"A rejection is nothing more than a necessary step in the pursuit of success." - Bo Bennett
I’m writing this as I sit on the plane on my way back to Manhattan after a whirlwind trip to LA before moving to NY.
For those of you who might just be getting to know me, I spent ten years in LA pursuing an acting career.
While traveling always shifts my perspective, returning to my old stomping grounds hit home in an entirely different way.
I found myself fortunate enough to check into a swanky hotel with a girlfriend one evening where we were upgraded to a room with a view. I was feeling pretty lucky and high on life as we walked into the plush room that was probably the size of my Manhattan apartment. Excited by this talk of a “view”, we rushed to the floor to ceiling windows to gaze out on the smog-filled city.
Ten floors up, the sight of the city in the distance and Sunset Strip below us was pretty spectacular. When I looked down, I realized we were directly opposite the first serving job I had when I moved to LA 14 years ago.
It was a bit of a trip down memory lane, as I looked at the now empty and out of business space that was once a beacon of hope for me as my pay-the-bills survival job.
Getting a serving job in LA is no small feat. For many Angelino dreamers, it’s what bridges the gap and allows them to stay and pursue their passion, making a good serving job, surprisingly hard to come by.
I remember being shocked when I moved to LA and hit the pavement on a rare rainy day, resume in hand, to find a job. It seemed my college degree, honors, and accolades didn’t mean a thing.
As I trudged down the strip, I was rejected by one jaded manager after another. None of them were interested in another aspiring starlet; they already had their hands full.
I kept going, one door after another, until I convinced a manager to give me a chance by telling him I’d work for free, and he could then either hire me or let me go.
Standing in the hotel room so many years later, I was flooded with a rush of different emotions. So many memories, both good and bad, had gone done for me on the street I was now looking at.
From this vantage point, I was able to have a new perspective of gratitude, surprisingly, for the rejection I had faced time and time again.
It seems that I had been schooled in the art of rejection in LA.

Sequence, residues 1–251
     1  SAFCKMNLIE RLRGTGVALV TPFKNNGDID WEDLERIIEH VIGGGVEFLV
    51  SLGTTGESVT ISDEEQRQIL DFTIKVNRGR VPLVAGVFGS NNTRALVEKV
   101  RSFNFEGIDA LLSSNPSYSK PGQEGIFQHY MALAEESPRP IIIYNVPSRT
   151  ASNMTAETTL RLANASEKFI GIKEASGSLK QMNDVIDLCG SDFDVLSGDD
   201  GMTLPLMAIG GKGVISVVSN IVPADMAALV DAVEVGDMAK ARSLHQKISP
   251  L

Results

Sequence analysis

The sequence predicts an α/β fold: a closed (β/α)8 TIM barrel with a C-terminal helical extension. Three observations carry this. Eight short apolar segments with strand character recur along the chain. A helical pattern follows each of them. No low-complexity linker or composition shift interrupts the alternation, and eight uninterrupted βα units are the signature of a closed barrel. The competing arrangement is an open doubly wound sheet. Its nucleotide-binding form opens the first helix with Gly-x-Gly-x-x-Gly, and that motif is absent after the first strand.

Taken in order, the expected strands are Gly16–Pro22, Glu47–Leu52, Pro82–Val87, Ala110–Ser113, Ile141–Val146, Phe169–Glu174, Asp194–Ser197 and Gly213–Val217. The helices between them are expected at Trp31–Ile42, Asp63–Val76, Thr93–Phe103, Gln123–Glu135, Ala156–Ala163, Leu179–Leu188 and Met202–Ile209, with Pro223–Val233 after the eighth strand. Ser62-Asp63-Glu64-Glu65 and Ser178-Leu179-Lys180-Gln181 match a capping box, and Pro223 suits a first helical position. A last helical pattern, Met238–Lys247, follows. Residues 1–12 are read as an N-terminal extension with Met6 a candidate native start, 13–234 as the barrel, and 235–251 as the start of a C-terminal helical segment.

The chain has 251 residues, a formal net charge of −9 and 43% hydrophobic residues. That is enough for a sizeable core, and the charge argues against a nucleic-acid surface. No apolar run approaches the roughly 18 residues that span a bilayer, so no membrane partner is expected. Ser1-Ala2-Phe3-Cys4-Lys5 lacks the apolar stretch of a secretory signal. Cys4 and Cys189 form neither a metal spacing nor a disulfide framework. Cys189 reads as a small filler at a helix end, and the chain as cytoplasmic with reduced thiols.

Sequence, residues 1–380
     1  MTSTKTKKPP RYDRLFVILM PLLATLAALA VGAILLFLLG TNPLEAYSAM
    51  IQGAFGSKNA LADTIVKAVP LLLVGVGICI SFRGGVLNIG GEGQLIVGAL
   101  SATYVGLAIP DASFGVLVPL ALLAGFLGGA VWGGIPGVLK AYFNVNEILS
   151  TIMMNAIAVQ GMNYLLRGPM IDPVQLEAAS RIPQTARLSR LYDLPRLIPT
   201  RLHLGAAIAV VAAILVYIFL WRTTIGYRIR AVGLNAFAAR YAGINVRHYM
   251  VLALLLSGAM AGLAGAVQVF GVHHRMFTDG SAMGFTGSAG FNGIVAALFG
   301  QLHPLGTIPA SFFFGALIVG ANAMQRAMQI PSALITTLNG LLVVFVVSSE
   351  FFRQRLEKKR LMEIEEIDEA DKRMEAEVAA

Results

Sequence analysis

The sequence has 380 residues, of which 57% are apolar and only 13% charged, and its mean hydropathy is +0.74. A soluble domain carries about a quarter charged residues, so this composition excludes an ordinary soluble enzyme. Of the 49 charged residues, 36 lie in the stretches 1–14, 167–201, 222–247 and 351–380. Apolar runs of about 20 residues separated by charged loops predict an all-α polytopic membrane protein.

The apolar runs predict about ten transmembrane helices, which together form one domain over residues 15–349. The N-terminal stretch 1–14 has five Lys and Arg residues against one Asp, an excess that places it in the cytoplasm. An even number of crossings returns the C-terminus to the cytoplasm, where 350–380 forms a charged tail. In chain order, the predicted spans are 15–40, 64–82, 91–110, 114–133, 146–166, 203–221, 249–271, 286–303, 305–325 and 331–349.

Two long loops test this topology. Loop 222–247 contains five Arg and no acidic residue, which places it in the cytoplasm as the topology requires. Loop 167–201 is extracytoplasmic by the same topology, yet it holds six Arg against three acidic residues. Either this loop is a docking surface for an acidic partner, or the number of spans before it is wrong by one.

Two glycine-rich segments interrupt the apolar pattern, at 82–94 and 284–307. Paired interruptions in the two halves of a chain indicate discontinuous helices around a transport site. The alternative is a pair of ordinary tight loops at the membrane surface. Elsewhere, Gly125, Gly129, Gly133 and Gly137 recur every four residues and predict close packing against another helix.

As an actress, rejection is a necessary part of the game. If you aren’t being rejected, you aren’t playing.
Rejection may sound bleak and synonymous with failure, but as someone who was pretty much in the business of being rejected, looking back, I see it in a different light. Mind you, I’m not so sure I saw it that way then. The getting schooled bit included some pretty stormy emotions underneath LA’s perma-sunny skies.
I was rejected that day I looked for a serving job, which caused me to dig in and find my resolve.
I was rejected in relationships that weren’t a fit and forced me to grow, discover more of myself (a term that made me gag and when I heard it at the time of rejection), and learn what I wanted and needed.
I was rejected by agents, who bruised my ego, which prompted me to learn the business and step up my persistence.
I was rejected time and time again before I was ever even able to walk in the room and have the opportunity to audition, testing my dedication and causing me to think outside the box in my approach. And, I was, of course, rejected more times that I can count on those precious, limited auditions I did get, which lead to my learning how to do the work and let go...eventually leading to jobs that fulfilled me and took me on adventures.
Ultimately, I embraced rejection to a degree that I was able to reject a once-dream and city, which created room for a new passion and place to call home.
Each rejection incurred a lesson. I didn’t always want to listen and learn because, so often, the lessons wounded my fragile pride. Many times I had to rinse and repeat. Each rejection, however, was a representation of stepping outside my comfort zone and putting myself out there.
No one bats 100 percent in any walk or area of life. It's cliche, but it's the getting up to bat that counts for so much.
The rejections along the way not only make up our journey but also move us forward. Of course, our ultimate dream is never to be rejected, but I have yet to meet anyone “living the dream” who hasn’t gotten there without many rejections along the way.
Rejection clears the space and makes room for something else.
Rejection removes the misfits from our life.
Rejection illuminates our weaknesses and shows us where we need to study, train, and grow.
Rejection tests and strengthens our resolve, determination, and grit.
Rejection asks us if we really, really want it. And, then it asks us again.
Rejection weeds out the posers and wannabes.
Rejection is a tough-love interrupter and teacher in our life.
Rejection asks us to accept ourselves and where we’re at.
Rejection creates a foundation for success.
To build the lives we want and dream of, we have to be willing to risk rejection. By opening ourselves up to the possibility of rejection, we also open ourselves up to an entirely different life, one that isn’t possible when we hide in the shadows and fear of rejection.
Back in Manhattan, what feels like a lifetime and a world away from my time in LA, I’m grateful for the rejection that’s brought me here, made me more of who I am, and continues to point me to new experiences.
While I will always keep my eye on the prize, I’m reminded to test my limits and welcome rejection because, without it, I remain stagnant.
Where can you open yourself up to rejection and another realm in your life?